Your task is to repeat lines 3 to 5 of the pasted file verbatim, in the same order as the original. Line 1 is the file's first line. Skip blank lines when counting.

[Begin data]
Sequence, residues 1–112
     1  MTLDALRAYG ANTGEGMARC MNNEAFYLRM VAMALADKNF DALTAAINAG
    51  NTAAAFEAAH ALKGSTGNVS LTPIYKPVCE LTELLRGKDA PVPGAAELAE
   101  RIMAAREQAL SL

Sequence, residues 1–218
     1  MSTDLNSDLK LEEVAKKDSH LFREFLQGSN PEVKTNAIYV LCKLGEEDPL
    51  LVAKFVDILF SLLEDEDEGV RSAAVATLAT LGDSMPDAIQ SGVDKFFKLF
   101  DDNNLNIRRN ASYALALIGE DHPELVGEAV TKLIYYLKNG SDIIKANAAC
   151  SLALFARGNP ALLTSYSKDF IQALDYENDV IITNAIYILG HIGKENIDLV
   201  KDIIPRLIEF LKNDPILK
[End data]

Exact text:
    51  NTAAAFEAAH ALKGSTGNVS LTPIYKPVCE LTELLRGKDA PVPGAAELAE
   101  RIMAAREQAL SL

Sequence, residues 1–218